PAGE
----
By Tuesday, 302,300 Americans had died from COVID-19 and at least 16.6 million had been infected by the virus, according to data collected by the New York Times. Data from the US Centers for Disease Control and Prevention shows the seven-day moving average for daily new cases stands at 213,537.
By contrast, China reported 17 new cases of COVID-19 on Monday and has only recorded a grand total of 86,758 cases, with 4,634 people dying of the illness. Nearly all of those cases and deaths occurred in the first quarter of 2020, when COVID-19 initially broke out in Wuhan, the metropolis at the center of China’s Hubei Province.
However, what if these situations were reversed, and it was China that was suffering the catastrophic effects of a badly mismanaged pandemic that had killed close to one-third of a million people? That’s the question asked by the editorial staff of the Global Times in a Tuesday op-ed.
Onslaught Would Be ‘Beyond Imagination’
“The situation would definitely be much worse than what happened in January and February when the epidemic broke out in Wuhan. China would become an absolute target of Western public opinion, and the pressure on China would not only be at the public opinion level,” they noted.
“If 300,000 people died in China from the coronavirus, the intense Western onslaught on China would be beyond imagination.”
The Times predicted the US and other Western nations would offer humanitarian assistance, “but such sympathy will not extend to the political realm.” Instead, they would pursue investigations aimed at exposing the “underlying causes” of the outbreak and China’s inability to halt it.
“First, they would stress that this is a huge humanitarian disaster in China - not a natural disaster, but a man-made one,” Global Times wrote, noting similar claims about the 1986 Chernobyl nuclear disaster had helped influence the collapse of the USSR.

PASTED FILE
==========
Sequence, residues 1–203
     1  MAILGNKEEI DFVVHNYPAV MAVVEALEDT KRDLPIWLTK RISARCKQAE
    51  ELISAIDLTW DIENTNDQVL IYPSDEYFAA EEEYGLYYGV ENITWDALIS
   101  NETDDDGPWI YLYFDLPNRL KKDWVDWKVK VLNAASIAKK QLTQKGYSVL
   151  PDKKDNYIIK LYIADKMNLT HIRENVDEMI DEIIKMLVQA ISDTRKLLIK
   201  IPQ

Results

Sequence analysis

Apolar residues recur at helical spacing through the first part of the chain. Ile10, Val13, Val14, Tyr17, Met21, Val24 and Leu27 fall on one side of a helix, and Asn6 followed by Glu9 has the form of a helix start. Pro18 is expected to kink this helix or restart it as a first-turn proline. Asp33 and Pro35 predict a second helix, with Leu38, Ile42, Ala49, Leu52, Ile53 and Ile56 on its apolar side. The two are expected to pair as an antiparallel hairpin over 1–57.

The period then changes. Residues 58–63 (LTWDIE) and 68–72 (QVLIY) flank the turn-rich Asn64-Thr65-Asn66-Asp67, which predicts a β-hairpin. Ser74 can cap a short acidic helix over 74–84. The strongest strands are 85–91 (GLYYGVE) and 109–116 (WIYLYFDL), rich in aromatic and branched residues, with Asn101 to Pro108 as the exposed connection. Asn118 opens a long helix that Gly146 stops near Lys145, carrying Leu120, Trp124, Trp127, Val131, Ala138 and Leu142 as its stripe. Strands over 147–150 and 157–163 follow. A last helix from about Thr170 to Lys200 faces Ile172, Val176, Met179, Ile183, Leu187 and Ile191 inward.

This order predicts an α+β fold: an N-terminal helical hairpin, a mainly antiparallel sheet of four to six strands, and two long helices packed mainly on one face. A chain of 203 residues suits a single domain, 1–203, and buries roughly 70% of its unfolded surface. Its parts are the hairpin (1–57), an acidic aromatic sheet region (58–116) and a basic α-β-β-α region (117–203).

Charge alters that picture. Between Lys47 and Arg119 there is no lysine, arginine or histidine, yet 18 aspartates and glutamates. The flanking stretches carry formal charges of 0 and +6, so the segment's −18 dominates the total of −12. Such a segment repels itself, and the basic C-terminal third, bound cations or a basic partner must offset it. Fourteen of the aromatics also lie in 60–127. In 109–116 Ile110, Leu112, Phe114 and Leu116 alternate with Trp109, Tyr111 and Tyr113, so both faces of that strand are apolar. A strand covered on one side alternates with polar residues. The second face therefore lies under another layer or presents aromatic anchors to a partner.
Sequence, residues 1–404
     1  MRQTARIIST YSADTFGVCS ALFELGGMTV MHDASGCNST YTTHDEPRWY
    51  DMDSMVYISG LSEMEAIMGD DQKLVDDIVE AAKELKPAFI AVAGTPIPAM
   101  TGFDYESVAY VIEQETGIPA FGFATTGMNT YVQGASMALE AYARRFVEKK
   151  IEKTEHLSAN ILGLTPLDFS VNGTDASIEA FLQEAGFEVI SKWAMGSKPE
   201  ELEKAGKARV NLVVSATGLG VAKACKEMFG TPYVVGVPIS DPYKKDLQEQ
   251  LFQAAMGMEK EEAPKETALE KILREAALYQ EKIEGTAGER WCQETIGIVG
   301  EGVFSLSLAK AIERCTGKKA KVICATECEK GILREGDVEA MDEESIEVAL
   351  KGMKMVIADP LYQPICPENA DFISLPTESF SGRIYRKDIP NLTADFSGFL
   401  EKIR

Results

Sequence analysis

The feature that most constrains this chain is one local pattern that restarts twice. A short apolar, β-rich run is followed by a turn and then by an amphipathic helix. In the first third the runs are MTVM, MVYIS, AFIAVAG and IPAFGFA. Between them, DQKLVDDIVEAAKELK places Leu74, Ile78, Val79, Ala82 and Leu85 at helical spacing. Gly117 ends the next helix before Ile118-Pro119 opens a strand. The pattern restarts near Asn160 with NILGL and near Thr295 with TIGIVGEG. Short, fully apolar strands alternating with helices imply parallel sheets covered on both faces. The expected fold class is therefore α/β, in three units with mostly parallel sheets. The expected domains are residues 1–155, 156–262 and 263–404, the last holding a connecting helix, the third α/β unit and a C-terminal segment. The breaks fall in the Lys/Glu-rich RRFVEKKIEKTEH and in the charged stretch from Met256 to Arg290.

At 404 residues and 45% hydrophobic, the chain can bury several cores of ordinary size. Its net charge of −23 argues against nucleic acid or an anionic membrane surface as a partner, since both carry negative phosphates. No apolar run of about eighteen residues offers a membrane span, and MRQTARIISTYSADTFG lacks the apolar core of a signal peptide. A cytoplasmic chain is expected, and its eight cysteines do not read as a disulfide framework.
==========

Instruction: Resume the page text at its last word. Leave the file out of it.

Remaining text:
The paper predicted that Western nations would use the mass death to cast Beijing as indifferent to human life and say this indifference comes from its so-called authoritarian system, contrasting it to the West’s respect and value for all human lives.
Any sort of political or social turmoil that arose during the pandemic in China would be labeled by the West as a symptom of its morbid culture and system, they said, and if things got bad enough, they might even launch a military offensive to capitalize on China’s moment of historic weakness, doing in the socialist rival for good.
“In short, if China were the country with the worst response and greatest loss in the global disaster, the US and the West would have launched a tsunami-level ideological attack against China. The attack will extend to other areas and lead to a major and long-term confrontation. Fortunately, the actual situation is the opposite. However, the possible fierce attacks by the US on China did not become its self-reflection. Some of them have really happened in their own countries,” the Times’ editors wrote.
Real World Offensive on China
However, back here in the real world, the pressure on China by Washington in response to the COVID-19 pandemic is already extremely high. As early as April, US President Donald Trump said it seemed China’s official case and death numbers were “a little bit on the light side,” suggesting without evidence that Beijing was lying to conceal a much greater spread of the disease than it was telling the world.
The following month, Trump pulled the US out of the World Health Organization, claiming the UN agency was dominated by China and had allowed itself to be bamboozled by China’s claims about the novel coronavirus. This, Trump said, had caused the virus to spread to the rest of the globe, including the US, which greeted the pandemic with a flat-footed response. By that time, more than 100,000 Americans had died of COVID-19.
Then, at the United Nations General Assembly in September, Trump raged about “the China virus,” a term he adopted in news conferences and campaign rallies over the course of the year that helped inspire racist attacks on Chinese-Americans. By the time of the annual New York conference, more than 200,000 Americans had died of COVID-19.
On December 8, the world commemorated the first anniversary of the first known COVID-19 cases being discovered. However, the disease was not identified as a unique illness from other related coronaviruses until January 12, when Chinese authorities sequenced SARS-CoV-2, the virus that causes COVID-19, realizing it was not SARS-CoV-1, a respiratory illness that killed 774 people between 2002 and 2004.